Vox and the CUP: polarization gains strength in the street and in the Parliament
The expression of the organic crisis of the Spanish State replicates elements that appear in other national realities. One of them -and surely the most worrying- is the rise of extreme right-wing forces. The Catalan elections confirmed this trend. The openly pro-Franco VOX party entered Parliament for the first time, with 7.6% of the votes and 11 deputies. Recently, in the Portuguese elections, the “novelty” was the extreme right-wing Chega party. Despite Trump’s defeat in the United States, semi-fascist parties and currents have gained strength in countries where they were previously marginal. VOX in Spain is an example of this reality.
The other facet of this polarization was the growth of the radical anti-capitalist left, grouped in the CUP (Popular Unity Candidacy), which defends a program of rupture, combining the sovereignty struggle with an anti-capitalist strategy. With a social base linked to the young people who staged the democratic rebellion of 2017, the CUP grew, doubling its representation in Parliament with nine deputies and 7% of the votes.
As mentioned above, the alliance “Em Comum Podemos” has kept its project stagnant, retaining eight seats in Parliament but losing support, which has frustrated a part of its electorate, which saw hope in Iglesias’ expression after 15-M. The accommodated participation as a minority partner in the central government has generated frustrations and ruptures, inside and outside Unidos Podemos. The overcoming of its weight as a parliamentary bench, by the CUP, is encouraging news, which indicates that an important part of the youth is willing to radicalize, even with all the campaign against the “anti-systems” promoted by the center-left and the moderate left.
The week of clashes, which left the streets and ended in political debates – both on TV and in Parliament – about who wanted to criminalize the activists or who demanded the responsibility of the repressive forces in the Hasel case, divided the waters. Polarization again: on the one hand, VOX proposing an iron fist; on the other, the CUP, bravely supporting the street protests.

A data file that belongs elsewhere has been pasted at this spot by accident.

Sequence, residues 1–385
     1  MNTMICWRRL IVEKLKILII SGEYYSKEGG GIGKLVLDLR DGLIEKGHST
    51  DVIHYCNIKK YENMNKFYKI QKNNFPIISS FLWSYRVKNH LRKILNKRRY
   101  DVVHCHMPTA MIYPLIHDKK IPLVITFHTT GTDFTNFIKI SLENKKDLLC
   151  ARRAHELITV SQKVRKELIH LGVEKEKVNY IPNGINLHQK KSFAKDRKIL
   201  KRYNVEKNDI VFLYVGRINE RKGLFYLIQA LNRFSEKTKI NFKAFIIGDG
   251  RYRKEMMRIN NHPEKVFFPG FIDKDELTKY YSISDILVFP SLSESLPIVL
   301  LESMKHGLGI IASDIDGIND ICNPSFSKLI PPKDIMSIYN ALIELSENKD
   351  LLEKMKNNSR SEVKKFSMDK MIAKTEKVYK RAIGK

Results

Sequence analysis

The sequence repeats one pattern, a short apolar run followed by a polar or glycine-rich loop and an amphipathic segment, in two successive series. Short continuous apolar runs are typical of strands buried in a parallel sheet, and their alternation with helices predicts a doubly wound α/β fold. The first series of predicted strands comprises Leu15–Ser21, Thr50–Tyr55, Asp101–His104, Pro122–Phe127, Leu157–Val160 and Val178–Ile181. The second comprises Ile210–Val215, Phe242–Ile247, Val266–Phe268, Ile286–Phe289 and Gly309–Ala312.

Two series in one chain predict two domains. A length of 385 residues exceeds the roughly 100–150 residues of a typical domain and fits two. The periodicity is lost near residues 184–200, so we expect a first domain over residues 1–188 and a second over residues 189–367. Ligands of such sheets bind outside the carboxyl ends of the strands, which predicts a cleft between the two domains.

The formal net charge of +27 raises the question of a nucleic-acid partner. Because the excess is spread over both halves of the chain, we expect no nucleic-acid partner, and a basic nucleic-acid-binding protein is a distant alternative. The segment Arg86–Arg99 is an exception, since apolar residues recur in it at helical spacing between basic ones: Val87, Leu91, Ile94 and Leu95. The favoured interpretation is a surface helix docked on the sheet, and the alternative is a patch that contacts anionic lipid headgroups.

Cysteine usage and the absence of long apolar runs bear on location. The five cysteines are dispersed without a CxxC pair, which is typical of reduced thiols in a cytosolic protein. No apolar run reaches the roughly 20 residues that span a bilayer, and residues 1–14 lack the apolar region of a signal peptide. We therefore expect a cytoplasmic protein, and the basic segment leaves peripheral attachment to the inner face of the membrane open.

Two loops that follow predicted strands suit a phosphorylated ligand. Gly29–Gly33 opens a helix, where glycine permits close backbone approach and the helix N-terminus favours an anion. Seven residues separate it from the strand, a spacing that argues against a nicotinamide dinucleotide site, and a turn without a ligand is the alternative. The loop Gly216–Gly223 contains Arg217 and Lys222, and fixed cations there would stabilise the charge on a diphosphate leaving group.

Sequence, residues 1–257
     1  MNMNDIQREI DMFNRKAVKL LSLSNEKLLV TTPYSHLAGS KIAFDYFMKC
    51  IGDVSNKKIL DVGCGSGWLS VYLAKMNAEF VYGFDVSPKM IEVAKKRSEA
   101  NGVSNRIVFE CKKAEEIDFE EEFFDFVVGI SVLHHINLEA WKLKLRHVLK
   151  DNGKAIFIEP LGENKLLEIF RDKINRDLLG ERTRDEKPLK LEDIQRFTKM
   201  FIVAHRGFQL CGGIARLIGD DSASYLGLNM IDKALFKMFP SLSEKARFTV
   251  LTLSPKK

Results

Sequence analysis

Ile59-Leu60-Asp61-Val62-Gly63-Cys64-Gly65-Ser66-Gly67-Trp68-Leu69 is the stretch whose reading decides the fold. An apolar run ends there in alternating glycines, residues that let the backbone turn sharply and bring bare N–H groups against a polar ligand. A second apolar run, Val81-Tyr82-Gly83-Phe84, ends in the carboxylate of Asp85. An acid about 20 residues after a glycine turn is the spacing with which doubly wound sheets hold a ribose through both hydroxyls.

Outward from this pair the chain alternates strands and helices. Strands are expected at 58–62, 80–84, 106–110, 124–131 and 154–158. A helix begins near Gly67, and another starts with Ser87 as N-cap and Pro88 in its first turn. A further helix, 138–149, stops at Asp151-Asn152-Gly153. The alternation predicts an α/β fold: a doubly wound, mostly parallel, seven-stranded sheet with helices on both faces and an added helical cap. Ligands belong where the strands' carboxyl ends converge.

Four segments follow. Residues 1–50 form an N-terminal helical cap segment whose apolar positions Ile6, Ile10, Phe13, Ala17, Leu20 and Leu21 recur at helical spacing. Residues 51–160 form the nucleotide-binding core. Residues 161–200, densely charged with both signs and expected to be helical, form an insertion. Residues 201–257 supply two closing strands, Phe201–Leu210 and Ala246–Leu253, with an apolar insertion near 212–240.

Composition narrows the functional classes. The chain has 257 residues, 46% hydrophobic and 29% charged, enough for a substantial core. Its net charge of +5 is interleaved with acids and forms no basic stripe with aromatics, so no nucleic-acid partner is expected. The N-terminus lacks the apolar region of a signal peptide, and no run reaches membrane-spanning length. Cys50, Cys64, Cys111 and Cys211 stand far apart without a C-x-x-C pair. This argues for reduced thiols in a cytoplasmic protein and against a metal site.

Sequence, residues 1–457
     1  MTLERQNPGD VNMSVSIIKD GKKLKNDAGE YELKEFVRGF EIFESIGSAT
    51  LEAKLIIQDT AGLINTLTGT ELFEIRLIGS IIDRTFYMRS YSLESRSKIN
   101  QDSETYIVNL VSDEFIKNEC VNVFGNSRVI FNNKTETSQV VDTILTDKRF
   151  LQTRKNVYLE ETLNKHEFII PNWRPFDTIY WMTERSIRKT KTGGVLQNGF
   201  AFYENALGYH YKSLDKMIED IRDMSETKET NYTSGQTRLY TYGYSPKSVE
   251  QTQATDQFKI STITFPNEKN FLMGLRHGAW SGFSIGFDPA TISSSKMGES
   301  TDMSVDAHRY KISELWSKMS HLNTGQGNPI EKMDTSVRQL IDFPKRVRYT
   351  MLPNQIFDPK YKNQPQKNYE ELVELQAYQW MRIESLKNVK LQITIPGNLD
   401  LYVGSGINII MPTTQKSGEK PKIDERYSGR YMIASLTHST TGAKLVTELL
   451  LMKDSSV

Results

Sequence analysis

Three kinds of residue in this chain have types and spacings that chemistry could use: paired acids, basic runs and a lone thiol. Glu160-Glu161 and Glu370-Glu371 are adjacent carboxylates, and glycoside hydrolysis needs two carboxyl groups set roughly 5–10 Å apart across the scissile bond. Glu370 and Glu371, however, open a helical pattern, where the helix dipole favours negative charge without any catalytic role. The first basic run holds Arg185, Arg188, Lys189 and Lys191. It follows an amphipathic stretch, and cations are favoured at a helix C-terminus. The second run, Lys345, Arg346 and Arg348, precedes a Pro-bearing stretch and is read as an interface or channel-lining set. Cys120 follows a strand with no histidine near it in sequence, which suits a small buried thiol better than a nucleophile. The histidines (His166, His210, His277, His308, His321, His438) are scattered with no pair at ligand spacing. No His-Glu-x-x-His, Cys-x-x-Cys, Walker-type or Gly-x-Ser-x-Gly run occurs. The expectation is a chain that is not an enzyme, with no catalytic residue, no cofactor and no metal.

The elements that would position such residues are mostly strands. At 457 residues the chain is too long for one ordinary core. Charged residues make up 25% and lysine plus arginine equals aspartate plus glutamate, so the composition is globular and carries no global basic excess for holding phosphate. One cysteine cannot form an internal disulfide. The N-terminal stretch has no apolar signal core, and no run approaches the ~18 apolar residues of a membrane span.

A struggle that will continue – the fight for Hasél’s freedom is part of the struggle against Spanish authoritarianism
This is fifteen days of continuous protests against Hasél’s imprisonment. A democratic movement with confrontational characteristics: against the police, the state and, above all, the 1978 regime. Elements that already existed in previous uprisings have appeared, in defense of the result of the plebiscite, in the so-called CDR (Committees for the Defense of the Republic). The struggle of the youth demonstrates the malaise, aggravated by the pandemic.
The essential contradictions of the 1978 regime (monarchy, bipartisanship and supposed national unity) are in question. The dynamics of the democratic struggle find echoes in other processes that put in check the current European design. Hence the need for a program that manages to unite the democratic tasks with the “social” tasks of all the people.
One of the lessons, in the face of such an emblematic scenario (irruption of the extreme right and debates on the strategy of the left), should be to abstain from participating in bourgeois governments and in the class conciliation . Podemos arrives at the back door of power losing any capacity to be an emancipatory alternative, as demanded by the streets of the movement of the “indignados”. The good news of the CUP and the radicalized mood of the youth in struggle indicate a way forward. We must stand in solidarity with Hasél and his struggle for freedom. This is the struggle against the Spanish state and its regime, which tries to disguise its retrograde and medieval element: the rejection of the basic form of the Republic.